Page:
28.03.2014

Likelihood of getting pregnant at age 50

Having made the exciting decision to start your own family you are sure to be wondering how long it will take to get pregnant. You may find it encouraging knowing that the number of women over the age of 30 having babies has risen in recent decades (ONS 2010) . Most women will be able to conceive naturally and give birth to a healthy baby if they get pregnant at 35 years old.
The average age at which women have in vitro fertilisation (IVF) treatment in the UK is rising. While many men remain fertile into their 50s and beyond, the proportion of men with sperm disorders increases with age (RCOG 2011). About half of the women who don't get pregnant in the first year conceive during the following year, giving a pregnancy rate of 92 per cent within two years.
Figures for women aged 30 to 34 and aged 35 to 39 are fairly similar, with 94 per cent and 90 per cent conceiving within two years, respectively (NCCWCH 2013: 65). As a woman ages it is more likely that she may have had longer exposure to a condition that has not been treated.


Age aside, there are some steps you can take to give yourself the best possible chance of conceiving and having a healthy pregnancy. Learn more about getting pregnant in your 20s, 30s or 40s, or get tips, advice and support in our friendly community of mums and mums-to-be. Join now to receive free weekly newsletters tracking your baby’s development and yours throughout your pregnancy. You know the most fertile years are in your 20s, but want to get a better idea of how age affects your fertility. Fertility starts to decline for women from about the age of 30, dropping down more steeply from the age of 35 (CKS 2007, NCCWCH 2013:65).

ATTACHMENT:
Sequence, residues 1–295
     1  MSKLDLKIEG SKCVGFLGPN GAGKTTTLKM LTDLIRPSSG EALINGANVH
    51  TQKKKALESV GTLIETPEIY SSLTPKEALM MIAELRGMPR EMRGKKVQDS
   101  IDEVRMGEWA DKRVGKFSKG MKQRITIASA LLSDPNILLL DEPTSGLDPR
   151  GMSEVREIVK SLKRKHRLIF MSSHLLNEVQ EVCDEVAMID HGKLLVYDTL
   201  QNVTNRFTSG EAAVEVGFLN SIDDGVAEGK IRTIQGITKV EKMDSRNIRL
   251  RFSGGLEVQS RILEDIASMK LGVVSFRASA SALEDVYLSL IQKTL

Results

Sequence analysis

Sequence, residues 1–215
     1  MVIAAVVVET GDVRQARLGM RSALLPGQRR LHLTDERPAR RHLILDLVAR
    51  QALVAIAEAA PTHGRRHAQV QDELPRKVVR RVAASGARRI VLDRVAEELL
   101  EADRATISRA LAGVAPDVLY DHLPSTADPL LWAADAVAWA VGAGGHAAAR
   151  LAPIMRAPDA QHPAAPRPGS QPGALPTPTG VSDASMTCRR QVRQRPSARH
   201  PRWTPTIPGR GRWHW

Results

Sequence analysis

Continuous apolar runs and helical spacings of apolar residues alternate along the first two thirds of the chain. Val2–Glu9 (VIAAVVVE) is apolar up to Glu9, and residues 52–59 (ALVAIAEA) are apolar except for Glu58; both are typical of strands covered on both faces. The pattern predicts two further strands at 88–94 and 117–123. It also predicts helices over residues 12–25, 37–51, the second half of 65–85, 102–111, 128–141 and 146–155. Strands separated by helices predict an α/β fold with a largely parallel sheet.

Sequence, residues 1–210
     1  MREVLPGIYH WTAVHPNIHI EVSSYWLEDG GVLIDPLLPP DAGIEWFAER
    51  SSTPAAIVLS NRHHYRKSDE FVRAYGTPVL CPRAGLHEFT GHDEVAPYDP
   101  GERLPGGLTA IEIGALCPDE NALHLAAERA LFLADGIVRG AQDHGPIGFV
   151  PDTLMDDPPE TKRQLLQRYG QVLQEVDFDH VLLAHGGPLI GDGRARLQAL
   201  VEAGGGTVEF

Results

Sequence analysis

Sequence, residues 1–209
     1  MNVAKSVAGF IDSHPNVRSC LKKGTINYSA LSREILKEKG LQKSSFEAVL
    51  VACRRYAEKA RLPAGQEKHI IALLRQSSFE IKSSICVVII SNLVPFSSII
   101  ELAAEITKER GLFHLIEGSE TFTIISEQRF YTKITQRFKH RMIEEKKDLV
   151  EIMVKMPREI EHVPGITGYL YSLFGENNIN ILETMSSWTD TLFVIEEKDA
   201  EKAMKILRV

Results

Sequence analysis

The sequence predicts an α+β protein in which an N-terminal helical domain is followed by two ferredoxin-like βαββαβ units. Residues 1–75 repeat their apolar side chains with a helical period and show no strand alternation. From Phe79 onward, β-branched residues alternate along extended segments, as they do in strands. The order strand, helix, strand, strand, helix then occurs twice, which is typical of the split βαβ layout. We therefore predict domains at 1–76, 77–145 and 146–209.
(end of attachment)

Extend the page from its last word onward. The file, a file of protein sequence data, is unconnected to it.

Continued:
Even though male fertility also declines with age (RCOG 2011, Utting and Bewley 2011), it tends to happen gradually for men.
For some women having a multiple pregnancy brings them their dream family in one pregnancy.
But if you are over 35, and finding that positive pregnancy test elusive, it is important to seek help sooner rather than later (NCCWCH 2013:6).


As women grow older the likelihood of getting pregnant falls while the likelihood of infertility rises. By the age of 40 only two in five of those who wish to have a baby will be able to do so (RCOG 2011). This could prevent fertilisation altogether or increase the likelihood of an ectopic pregnancy (CKS 2007, NCCWCH 2013:129, Utting and Bewley 2011). The paradox of declining fertility but increasing twinning rates with advancing maternal age. Does this mean age has something to do with my situation or You suggest I start seeking professional help.



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